In yesterday’s interview, Tom Burris highlighted drummer Tyler Damon and rightfully praised him as one of the most promising musicians at the moment. His collaborations with guitarist Tashi Dorji are especially examples of outstanding resourcefulness. As a duo they’ve been playing together since 2015, both coming from a punk subculture background (hardcore for Dorji, skateboarding and punk rock for Damon). That’s why it’s no wonder that loudness, a certain DIY attitude, furiousness and intensity are key elements of their music. Their previous works, Leave No Trace: Live in St. Louis and Both Will Escape, which both received 5-star-reviews on this site, are perfect examples of this. With Danish saxophonist Mette Rasmussen, the two have already expanded the duo format before and the results were an equally excellent self-titled album as well as the wonderful To the Animal Kingdom.
When Damon moved to Chicago, teaming up with local saxophone wizard Dave Rempis seemed to be a logical move, and it turned out to be the proverbial match made in heaven. On Kuzu’s debut LP, which was recorded in 2017 at Elastic Arts in Chicago, Rempis fits perfectly in Dorji’s and Damon’s vortex-like dynamic.
The music on Hiljaisuus is a game of recurring structures. Harmonic islands consisting of staccato and repetitive patterns are used as springboards and fixed points for further improvisation. “Fontanelles 1“, for example, starts with bowed cymbals and arpeggiated guitar chords before Rempis creeps into this structure with mournful lines reminding me of a wounded to death Peter Brötzmann playing John Coltrane’s “Alabama“. Dorji breaks up this structure and after seven minutes the trio reaches a first peak of intensity, with Damon playing dark, almost cymbal-free rolls. Soon Dorji and Rempis agree on one of these aforementioned repetitive unison patterns, they cling to it and open it up as soon as it seems useful. Dorji’s cold, metallic, and percussive tone is often foiled by Rempis’ and Damon’s extreme emotionality - contrast and imitation being further creative tools the trio makes use of. This way, Rempis, Dorji, and Damon invent an enormously tight pallet of sounds, energy being another compositional constituent. In “Gash“, the last of three tracks, the trio generates a constant ebb and flow, starting from coarse chopping that builds a massive, compact wave of sound creating an atmosphere that is tense to the breaking point. Finally, the piece returns to the beginning of “Fontanelle 1“, where everything started.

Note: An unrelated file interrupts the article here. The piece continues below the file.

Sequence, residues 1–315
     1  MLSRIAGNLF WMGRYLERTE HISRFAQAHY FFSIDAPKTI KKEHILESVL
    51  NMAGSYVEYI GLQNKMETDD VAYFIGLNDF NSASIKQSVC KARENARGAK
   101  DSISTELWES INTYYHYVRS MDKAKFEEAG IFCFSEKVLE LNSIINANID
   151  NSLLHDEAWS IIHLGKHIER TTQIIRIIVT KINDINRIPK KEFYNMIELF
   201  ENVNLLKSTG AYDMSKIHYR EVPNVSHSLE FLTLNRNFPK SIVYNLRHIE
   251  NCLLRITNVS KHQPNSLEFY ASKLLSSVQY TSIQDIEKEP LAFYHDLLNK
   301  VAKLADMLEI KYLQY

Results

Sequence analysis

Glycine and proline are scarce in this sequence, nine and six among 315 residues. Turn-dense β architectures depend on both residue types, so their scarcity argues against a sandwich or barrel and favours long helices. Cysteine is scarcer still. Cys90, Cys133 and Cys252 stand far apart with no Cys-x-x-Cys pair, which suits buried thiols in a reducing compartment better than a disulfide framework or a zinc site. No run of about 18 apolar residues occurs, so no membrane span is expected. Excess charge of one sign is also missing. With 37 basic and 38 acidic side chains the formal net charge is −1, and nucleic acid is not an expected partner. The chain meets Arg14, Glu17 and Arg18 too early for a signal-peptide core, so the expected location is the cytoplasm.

Hiljaisuus is the Finnish word for silence, but the music on this album is the most eloquent silence you’ve ever heard. In yesterday’s interview Tyler Damon said that Kuzu was planned as a one-off. Let’s hope that the album sells well so that there might be further tours and recordings. It’s one of my favourite albums this year and not only for fans of Last Exit and The Thing feat. Thurston Moore I’d say it’s a definite must have.
Hiljaisuus is available on vinyl and as a download. You can listen to the album and buy it here:
Watch Kuzu live here:
Great review, Martin - and I couldn’t agree more.
Beautifully accurate description of this fantastic trio's music.'Supposed to be released on CD,soon...
Martin, really great review. This album's been in constant rotation since it arrived. Definitely one of the year's best, closely contested by all the players' other albums!
Thanks Tom, wm and Lee.
@wm: Unfortunately, I guess astral spirit won't do it. Probably you have to be content with the download.
Beyond all doubt, the most enjoyable LP of this autumn... Just can't stop spinning it.
Thanks you all.
@wm: Unfortunately, I don't think astral spirits has plans for a CD release.
Oh yeahhhh!! I'm really enjoying this album along with "Brace up!" by Bill Orcutt and Chris Corsano!!
@Martin Schray,I think Aerophonic does,if I'm not mistaken...
I didn't know there was a Bill Orcutt-Chris Corsano album, Thanks to Don Nadle.
Also, this Kuzu album is indeed great.
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